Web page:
So thank heavens for Sidibe, who, in her first feature-film outing, doesn’t so much dazzle as persuade. She becomes Precious. Same for comedienne Mo’Nique, who surprises here with her monstrous depiction of Precious’ mother that manages -- a little, anyway -- to be tragic, too. And points to both Mariah Carey for her nuanced performance as a social worker and to Patton for providing uplift without treacle. Toward the end, the film feels a little message-y and hurried, but that’s forgivable. Precious is riveting.

Families can talk about...

  • Families can talk about the movie's themes. What do you think the filmmakers hope viewers take away from watching? Does a good movie have to be easy and/or fun to watch? What do we learn from going outside our comfort zone?

  • Is Precious' seeming indifference to how she’s treated and how she copes upsetting or understandable? Or even admirable?

  •  What fuels Precious' desire to be a better mother and to have a better life?

Movie details

Theatrical release date:November 6, 2009
DVD release date:March 9, 2010
Cast:Gabourey Sidibe, Mariah Carey, Mo'Nique, Paula Patton
Director:Lee Daniels
Studio:Lionsgate
Genre:Drama
Run time:109 minutes
MPAA rating:R
MPAA explanation:child abuse including sexual assault, and pervasive language

This review of Precious: Based on the Novel Push by Sapphire was written by

About our rating system

  • ON: Content is age-appropriate for kids this age.
  • PAUSE: Know your child; some content may not be right for some kids.
  • OFF: Not age-appropriate for kids this age.
  • NOT FOR KIDS: Not appropriate for kids of any age.

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Quality

Our star rating assesses the media's overall quality.

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Learning ratings

  • Best: Really engaging; great learning approach.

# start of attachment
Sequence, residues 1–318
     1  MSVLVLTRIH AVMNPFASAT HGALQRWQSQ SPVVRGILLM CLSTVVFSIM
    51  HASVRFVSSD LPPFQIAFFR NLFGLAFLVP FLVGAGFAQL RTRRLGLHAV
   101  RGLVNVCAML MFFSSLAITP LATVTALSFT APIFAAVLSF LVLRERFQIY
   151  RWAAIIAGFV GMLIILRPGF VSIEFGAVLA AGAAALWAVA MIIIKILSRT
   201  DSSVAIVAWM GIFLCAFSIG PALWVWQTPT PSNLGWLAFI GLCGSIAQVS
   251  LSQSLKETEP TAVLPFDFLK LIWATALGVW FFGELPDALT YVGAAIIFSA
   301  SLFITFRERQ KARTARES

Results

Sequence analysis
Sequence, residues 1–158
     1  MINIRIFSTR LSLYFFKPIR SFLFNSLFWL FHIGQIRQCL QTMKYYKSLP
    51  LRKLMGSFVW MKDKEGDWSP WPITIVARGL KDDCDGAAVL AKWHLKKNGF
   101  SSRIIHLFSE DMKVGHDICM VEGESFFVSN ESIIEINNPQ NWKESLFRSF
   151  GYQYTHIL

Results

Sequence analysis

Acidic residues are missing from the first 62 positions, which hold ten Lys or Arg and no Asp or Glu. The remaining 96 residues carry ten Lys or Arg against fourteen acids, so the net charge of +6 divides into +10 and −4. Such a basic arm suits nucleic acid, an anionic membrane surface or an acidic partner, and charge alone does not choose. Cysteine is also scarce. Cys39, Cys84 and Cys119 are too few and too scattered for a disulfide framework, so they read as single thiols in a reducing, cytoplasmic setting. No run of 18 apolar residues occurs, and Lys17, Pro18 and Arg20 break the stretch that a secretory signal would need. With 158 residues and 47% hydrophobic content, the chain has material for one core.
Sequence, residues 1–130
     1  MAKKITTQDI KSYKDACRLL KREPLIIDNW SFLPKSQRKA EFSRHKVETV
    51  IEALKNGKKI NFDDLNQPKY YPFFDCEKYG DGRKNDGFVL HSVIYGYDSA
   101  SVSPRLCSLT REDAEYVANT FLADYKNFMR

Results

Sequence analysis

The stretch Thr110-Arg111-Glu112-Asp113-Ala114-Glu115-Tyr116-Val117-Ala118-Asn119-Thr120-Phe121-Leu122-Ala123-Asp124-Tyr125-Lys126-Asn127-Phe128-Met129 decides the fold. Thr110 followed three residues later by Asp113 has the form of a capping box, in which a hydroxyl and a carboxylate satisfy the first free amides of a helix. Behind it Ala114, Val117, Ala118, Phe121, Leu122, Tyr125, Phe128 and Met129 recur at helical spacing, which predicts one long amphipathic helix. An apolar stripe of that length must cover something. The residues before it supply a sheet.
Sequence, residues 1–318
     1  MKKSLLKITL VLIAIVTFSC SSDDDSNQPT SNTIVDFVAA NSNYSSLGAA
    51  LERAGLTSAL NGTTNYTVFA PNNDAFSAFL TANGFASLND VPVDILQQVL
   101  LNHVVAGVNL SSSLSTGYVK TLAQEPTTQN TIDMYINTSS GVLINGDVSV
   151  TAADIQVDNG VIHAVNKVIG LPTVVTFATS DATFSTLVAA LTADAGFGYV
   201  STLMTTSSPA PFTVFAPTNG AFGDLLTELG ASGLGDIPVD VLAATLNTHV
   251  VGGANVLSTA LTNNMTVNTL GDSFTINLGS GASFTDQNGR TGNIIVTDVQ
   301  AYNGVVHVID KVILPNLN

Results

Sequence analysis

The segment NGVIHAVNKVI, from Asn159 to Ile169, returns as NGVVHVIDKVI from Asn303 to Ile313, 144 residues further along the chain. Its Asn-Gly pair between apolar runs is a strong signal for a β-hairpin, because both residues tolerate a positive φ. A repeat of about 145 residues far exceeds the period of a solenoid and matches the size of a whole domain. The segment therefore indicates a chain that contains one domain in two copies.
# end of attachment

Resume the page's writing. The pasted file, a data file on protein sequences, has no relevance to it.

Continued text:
• Very Good: Engaging; good learning approach.
  • Good: Pretty engaging; good learning approach.
  • Fair: Somewhat engaging; OK learning approach.
  • Not for Learning: Not recommended for learning.
  • Not for Kids: Not age-appropriate for kids; not recommended for learning.

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Teen, 14 years old Written bySilverSnake July 11, 2010
AGE
14
QUALITY
 

Real good, but extremely sad

I'm actually watching it right now, my mom and aunt are too, so I got 'adult supervision' its real good but real depression. I mean how nasty her gross daddy did something bad to her and gave her children! Her mom makes me real mad too. They talk about condums once, the parents and people 'roiund her are abusive, but she's in a class and the teachers are nice to her, it has good messages dispite it all. I'd say 15 and up, but I'm 14 and sinse I'm watching it, I'll just say 14 and up.
What other families should know
Too much violence
Too much sex
Too much swearing
Too much drinking/drugs/smoking
Great messages
Great role models
Parent of a 9 and 15 year old Written bypsalministry1 March 30, 2010
AGE
17
QUALITY
 

Older kids should see with parents, in case of questions.

The movie depicts what happens in hundreds of homes today. Some may be able to identify with stereotypes and just raw dealings with abuse and trauma to the human spirit. I love it for bringing these points out, but would use caution when allowing sheltered teens see this movie.
What other families should know
Too much violence
Too much sex
Too much swearing
Great messages
Great role models
Teen, 13 years old Written byxxhollisterluvxx March 30, 2010
AGE
15
QUALITY
 

Mature audiences only

Really mature movie. Strong language and violence are things to look out for. The movie was a little much for me.I'm 13. There's. A scene that shows her father molesting her. Only should be viewed by mature audiences.
What other families should know
Too much violence
Too much swearing
Great role models